If Evil is bizarre TV, “S Is for Silence” marks a real peak of weirdness. The standout episode from the second season of the acclaimed collection, created by Emmy nominees Robert King and Michelle King (The Good Spouse), is sort of solely silent, set at a monastery the place there’s no electrical energy and speaking shouldn’t be allowed. The supernatural investigative group of Kristen (Katja Herbers), David (Mike Colter), and Ben (Aasif Mandvi) arrives to check the loss of life of a monk, who’s being thought-about for sainthood, for proof of a miracle: A yr after his loss of life, his physique nonetheless reveals no indicators of decay.
Gorgeously shot on location and cleverly dedicated to its silent-movie conceit—whereas often breaking the fourth wall—the episode was filmed below the idea it’d air on CBS, as the primary season did; that may have made the episode about as progressive as community TV can get. (It ended up debuting on Paramount+, after CBS determined to maneuver Evil to the streamer; extra on how that impacted issues in a second.) However the Kings have lengthy demonstrated a selected brilliance at working throughout the confines of broadcast—even embracing them—whereas additionally pushing the shape ahead. Evil’s procedural part is amongst its freshest components, providing a weekly type of ghost story imbued with the Kings’ singular model of quirky. “S Is for Silence” is not any completely different: It takes our essential characters to a brand new place, for a haunted house-esque journey into issues of intense religion and horror.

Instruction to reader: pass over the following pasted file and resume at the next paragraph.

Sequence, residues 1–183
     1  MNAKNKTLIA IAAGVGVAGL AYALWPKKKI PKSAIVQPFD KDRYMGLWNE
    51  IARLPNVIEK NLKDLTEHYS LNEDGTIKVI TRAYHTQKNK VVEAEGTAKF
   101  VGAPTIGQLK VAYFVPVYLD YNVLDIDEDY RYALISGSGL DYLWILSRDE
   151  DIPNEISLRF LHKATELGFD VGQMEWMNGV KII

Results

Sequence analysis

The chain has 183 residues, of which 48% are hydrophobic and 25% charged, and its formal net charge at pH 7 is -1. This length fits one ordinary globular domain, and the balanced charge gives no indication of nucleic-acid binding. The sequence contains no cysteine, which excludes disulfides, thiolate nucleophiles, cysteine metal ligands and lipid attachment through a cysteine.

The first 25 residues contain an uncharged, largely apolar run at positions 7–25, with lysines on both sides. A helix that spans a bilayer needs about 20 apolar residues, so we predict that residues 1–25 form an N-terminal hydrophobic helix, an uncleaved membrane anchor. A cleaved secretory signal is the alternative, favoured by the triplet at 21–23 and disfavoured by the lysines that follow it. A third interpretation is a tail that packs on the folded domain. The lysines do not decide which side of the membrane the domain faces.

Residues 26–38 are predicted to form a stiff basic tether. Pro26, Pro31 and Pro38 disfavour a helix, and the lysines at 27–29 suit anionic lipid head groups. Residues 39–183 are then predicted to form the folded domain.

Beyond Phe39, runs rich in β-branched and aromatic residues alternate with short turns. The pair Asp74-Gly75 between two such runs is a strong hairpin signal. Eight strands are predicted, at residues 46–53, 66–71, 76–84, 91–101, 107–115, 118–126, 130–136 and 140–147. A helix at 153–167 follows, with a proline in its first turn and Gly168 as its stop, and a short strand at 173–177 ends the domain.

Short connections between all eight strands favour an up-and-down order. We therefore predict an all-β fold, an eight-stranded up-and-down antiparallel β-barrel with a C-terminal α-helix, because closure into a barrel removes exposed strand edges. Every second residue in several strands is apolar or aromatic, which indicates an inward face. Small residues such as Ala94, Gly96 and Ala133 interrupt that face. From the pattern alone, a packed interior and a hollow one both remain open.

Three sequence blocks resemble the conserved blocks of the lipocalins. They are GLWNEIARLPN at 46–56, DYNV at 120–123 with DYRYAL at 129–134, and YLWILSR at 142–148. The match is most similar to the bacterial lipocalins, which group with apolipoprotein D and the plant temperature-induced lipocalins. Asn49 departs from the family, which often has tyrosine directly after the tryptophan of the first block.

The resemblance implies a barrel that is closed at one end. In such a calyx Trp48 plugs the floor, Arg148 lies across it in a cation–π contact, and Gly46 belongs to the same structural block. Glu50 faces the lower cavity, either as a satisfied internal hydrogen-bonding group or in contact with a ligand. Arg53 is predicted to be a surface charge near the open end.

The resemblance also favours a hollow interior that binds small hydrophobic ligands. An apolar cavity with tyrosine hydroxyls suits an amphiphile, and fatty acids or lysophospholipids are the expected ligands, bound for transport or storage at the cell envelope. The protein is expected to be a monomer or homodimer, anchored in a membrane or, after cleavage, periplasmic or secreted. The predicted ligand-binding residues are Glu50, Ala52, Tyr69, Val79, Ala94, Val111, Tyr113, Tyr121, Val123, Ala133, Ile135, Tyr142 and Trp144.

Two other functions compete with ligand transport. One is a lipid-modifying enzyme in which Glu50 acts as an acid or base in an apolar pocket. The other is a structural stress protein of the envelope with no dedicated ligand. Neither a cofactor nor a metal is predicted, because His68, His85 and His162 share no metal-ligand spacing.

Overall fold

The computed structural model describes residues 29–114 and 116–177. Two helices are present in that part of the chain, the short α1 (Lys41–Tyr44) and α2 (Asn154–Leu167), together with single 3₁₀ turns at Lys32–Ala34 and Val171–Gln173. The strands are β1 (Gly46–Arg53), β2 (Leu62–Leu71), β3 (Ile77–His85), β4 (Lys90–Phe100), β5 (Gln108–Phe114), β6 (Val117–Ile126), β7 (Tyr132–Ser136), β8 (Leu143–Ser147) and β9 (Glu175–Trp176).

Robert King directed the episode with longtime D.P. Petr Hlinomaz, working off of key reference movies and texts whereas additionally sticking to the present’s zany spirit. They filmed at St. Josaphat’s Monastery in Lengthy Island, a location so beautiful it required some scaling again. “If something, we needed to play down how fairly it was as a result of what we handled because the entrance of the monastery was truly the again, this four-story or three-story a part of it,” King reveals. “In case you went round to the entrance, it appeared like a New England faculty. Simply huge.”
King has been desirous to do a silent episode for over a decade. “It began with this concept of learn how to meet the challenges of doing a silent film in a world the place you don’t must—like, we might have folks discuss on a regular basis. I believe it’s the madness of it,” King says. “Within the room, all of us performed with the thought this was going to be the worst episode of the yr.”
In actuality, it was among the finest of the yr—for any TV present. King and Hlinomaz walked us via a couple of pictures that present precisely why.